It was 9pm on Wednesday and the sound of pestle pounding in mortar was still vital in the zestful dining room of Sra Bua by Kiin Kiin, a Thai restaurant at the Siam Kempinski Hotel. The meal progressed superbly as my dining companion and I discussed whether the restaurant’s glory was already written in stone.
For locals, Sra Bua might be out of context as a Thai culinary destination because of its molecular take on domestic recipes. But this four-year-old, back-to-the-roots sister eatery of the Michelin-starred Kiin Kiin Thai restaurant in Copenhagen proved to be very much loved by discerning epicures from out of town. That is not to mention it came in 21st at “Asia’s 50 Best Restaurant Awards 2014” held recently in Singapore.
Now let me share with you the reasons why.
I reviewed Sra Bua in 2010 when it first opened. At the time molecular gastronomy was new in Thailand (although it had begun to fade out in the West) and Sra Bua was the first establishment in the Kingdom to offer the thought-provoking dining experience.
My first call was a great impression, not because of the futuristic food it showcased, but the real taste bud-pleasing quality of each creation.
The kitchen is still run by the same team of culinary virtuosi directed by Danish chef Henrik Yde-Andersen, Kiin Kiin’s founder. Though the line-up of cooking personnel hasn’t changed since the restaurant’s beginning, I nevertheless noticed a pivotal change during my recent meal. The piquancy has been perfected to even more boldly offer traditional Thai taste with no compromise.
There are two dining options here — the tasting set menu (2,200 baht for seven courses and 2,700 baht for 10 courses) is ideal for first-timers, while the a la carte menu is suited for regulars and those who have no time for a long meal.
Kiin Kiin’s founder and head chef Henrik Yde-Andersen.
Recently chef Yde-Andersen, who flies on a monthly basis between Copenhagen and Bangkok, has created a new tasting menu for Sra Bua. The latest menu was launched in correspondence with a new lounging zone, offering diners the same gastronomic experience as they would find in the Copenhagen outlet.
For those who go for the tasting menu, which I highly recommended, dinner casually starts with a variety of nibblings and Thai street treats (a total of 11 small items, including Chiang Mai sai uwa sausages, nam phrik num, a Northern-style green chilli dip, and red curry crab) — in progression, of course. The complimentary delicacies went perfectly with chef Yde-Andersen’s own beer labels, which are offered in three variations (390 baht per bottle), all brewed with Thai inspiration.
After laid-back mingling over drinks in the lounging zone, we moved to the dining table for a real 10-course deal.
Instead of describing each culinary bliss and spoiling the excitement, let me share with you my overall impression and only a brief introduction of the dishes.
The line-up of 10 Thai classics was, as usual, offered in an eccentric presentation. Yet every single one of the dishes deliciously represented the well-rounded pungency of Thai cuisine, blending together the heat and fragrance of herbs and spices without missing even a small element.
For example, despite being extraordinarily transparent, the tom yum broth amazingly contained all the right flavours at the right proportion. The spherification of satay kai yielded a perfect impression of grilled chicken satay and peanut sauce flavour. Whereas the crusty, rock-like frills which accompanied the meat tasted exactly like tom kha, only with an unusual frosty mouthfeel.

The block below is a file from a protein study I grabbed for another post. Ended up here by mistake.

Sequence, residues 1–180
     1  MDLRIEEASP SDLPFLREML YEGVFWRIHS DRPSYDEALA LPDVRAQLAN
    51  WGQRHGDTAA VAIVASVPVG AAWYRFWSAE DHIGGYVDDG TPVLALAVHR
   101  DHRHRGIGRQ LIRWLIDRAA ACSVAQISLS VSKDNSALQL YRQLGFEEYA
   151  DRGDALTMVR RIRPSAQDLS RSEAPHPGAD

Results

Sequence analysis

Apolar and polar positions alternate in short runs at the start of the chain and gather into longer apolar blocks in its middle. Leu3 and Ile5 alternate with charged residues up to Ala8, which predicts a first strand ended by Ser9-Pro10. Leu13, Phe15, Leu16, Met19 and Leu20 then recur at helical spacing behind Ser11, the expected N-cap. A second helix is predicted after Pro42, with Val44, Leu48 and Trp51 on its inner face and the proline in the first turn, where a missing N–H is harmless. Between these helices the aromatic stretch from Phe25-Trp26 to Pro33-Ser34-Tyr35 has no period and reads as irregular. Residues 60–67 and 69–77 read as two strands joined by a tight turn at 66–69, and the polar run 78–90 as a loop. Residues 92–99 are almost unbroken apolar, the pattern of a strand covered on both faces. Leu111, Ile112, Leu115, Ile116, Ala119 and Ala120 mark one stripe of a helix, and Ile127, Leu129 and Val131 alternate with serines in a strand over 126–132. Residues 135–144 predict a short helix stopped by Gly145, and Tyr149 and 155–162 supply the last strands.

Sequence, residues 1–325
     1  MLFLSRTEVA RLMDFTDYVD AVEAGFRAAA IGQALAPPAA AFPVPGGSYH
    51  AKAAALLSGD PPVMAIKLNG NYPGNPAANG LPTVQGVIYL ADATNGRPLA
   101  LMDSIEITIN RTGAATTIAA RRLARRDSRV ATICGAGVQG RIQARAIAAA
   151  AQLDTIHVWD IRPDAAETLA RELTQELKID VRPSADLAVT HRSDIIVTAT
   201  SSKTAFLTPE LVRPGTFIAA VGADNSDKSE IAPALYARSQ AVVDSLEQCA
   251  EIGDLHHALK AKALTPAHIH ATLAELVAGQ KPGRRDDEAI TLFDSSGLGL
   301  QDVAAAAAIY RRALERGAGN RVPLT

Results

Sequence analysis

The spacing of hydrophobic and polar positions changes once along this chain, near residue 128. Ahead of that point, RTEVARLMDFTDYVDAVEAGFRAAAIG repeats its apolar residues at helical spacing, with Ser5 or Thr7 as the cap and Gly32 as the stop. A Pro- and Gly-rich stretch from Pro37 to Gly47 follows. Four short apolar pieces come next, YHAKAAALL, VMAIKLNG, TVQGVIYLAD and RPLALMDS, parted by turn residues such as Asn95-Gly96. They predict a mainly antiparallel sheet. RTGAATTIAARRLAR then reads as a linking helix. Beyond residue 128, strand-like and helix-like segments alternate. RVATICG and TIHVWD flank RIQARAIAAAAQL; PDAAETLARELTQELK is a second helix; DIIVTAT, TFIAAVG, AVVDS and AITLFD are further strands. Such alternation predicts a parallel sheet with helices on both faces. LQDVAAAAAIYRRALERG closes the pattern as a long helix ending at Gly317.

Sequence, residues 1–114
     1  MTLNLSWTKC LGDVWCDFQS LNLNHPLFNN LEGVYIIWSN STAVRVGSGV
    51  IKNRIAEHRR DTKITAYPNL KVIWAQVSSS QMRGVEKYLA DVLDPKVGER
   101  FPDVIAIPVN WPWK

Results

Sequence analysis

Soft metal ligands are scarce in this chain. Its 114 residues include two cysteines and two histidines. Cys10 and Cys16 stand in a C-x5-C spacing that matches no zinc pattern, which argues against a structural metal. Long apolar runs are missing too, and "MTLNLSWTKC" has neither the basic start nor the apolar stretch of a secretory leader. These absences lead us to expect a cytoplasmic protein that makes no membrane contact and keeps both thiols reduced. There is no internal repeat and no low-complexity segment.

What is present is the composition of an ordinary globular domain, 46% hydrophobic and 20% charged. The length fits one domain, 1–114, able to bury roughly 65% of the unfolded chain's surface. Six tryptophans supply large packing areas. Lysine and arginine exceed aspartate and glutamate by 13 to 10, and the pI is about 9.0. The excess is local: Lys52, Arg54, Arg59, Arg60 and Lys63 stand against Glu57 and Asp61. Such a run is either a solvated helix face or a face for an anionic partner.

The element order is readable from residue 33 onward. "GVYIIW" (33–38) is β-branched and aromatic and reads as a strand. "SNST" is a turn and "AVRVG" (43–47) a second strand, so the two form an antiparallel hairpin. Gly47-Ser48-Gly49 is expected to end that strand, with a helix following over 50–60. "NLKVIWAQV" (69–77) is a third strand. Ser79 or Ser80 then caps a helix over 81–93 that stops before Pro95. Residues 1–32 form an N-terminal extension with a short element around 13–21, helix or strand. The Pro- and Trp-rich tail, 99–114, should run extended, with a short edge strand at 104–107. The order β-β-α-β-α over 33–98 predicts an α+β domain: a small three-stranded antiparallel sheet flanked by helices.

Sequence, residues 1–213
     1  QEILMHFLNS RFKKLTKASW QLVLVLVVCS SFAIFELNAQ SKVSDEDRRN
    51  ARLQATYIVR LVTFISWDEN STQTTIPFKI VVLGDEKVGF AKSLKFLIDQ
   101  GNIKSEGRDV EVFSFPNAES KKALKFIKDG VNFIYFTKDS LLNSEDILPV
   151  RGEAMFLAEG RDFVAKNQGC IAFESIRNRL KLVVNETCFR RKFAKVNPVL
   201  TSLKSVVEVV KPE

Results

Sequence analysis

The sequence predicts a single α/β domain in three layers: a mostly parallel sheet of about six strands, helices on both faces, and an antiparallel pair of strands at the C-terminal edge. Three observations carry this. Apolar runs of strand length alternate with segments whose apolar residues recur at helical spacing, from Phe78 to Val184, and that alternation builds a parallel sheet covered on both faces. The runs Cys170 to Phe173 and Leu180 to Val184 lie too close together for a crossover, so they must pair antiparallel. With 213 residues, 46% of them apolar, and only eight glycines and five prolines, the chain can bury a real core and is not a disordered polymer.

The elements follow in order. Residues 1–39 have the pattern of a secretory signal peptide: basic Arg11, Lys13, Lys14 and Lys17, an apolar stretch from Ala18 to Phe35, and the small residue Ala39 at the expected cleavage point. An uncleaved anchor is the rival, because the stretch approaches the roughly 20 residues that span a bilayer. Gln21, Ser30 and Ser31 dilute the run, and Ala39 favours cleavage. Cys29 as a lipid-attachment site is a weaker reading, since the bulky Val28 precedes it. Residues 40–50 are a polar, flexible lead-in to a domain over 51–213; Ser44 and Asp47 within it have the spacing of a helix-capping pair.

Chef Yde-Andersen is a true genius when it comes to the epigram of texture and temperature. Each plate exhibited a different mouthfeel, perhaps to simultaneously soothe, heat, grit and chill your palate.
The first course of our extensive dinner was represented by a duo of tom yum, showcasing clear seafood in cold and warm versions of the soup.
The sour-and-spicy coconut cream-infused galangal soup.
The second course was a lovely lobster tempura with yam meringue and Thai muesli.
Third came my favourite, salt-baked beet root with green curry, of which the savouriness and sultriness were all there without any give and take.
Fourth was tom kha yen, or cold sour-and-spicy coconut cream-infused galangal soup, Kiin Kiin-style.
The fifth entree was a choice of pan-fried foie gras or veal sweetbread. Both protein options, complemented by tamarind-lemongrass sauce, were delightful.
The main course, beef braised in home-made oyster sauce, followed and was truly tasty, though I must say provided the least “wow” effect in terms of the complex of texture and presentation.
Dessert was offered in two courses. The first, khao niew mamuang, a creative candyfloss sphere inside rice pudding with mango sorbet, was brilliant.
Yet, the most rejoicing was kept for the aftermost.
Normally, such an extensive dinner will fill you up, spoiling your palate with non-stop indulgence well before the last course arrives.
But when Sra Bua’s signature sweet finale was served, we couldn’t resist the temptation of its name — khanom khai phalo (five-spice egg in salty sweet brown gravy dessert) — or the comforting aroma from the wood bark platter of creamy cinnamon ice cream accompanied by star anise jelly, clove crumbles, pumpkin cake and drizzles of liquorice caramel.
Diners can have the set menu paired with wine (the line-up — 2012 Leitz Rudesheimer Drachenstein Riesling, Rheingau; 2011 Willm Gewurztraminer, Alsace; 2010 Irony Merlot, Napa Valley; and Penfold Club Tawny Port — proved awesome) for 5,400 baht for the 10-course and 4,400 baht for the seven-course.
To go with the modish Thai-inspired gastronomy, Sra Bua’s dining room is vitalised by upbeat Thai classical music. Service was very attentive and of five-star standard.
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About the author
- Writer: Vanniya Sriangura
Position: News Reporter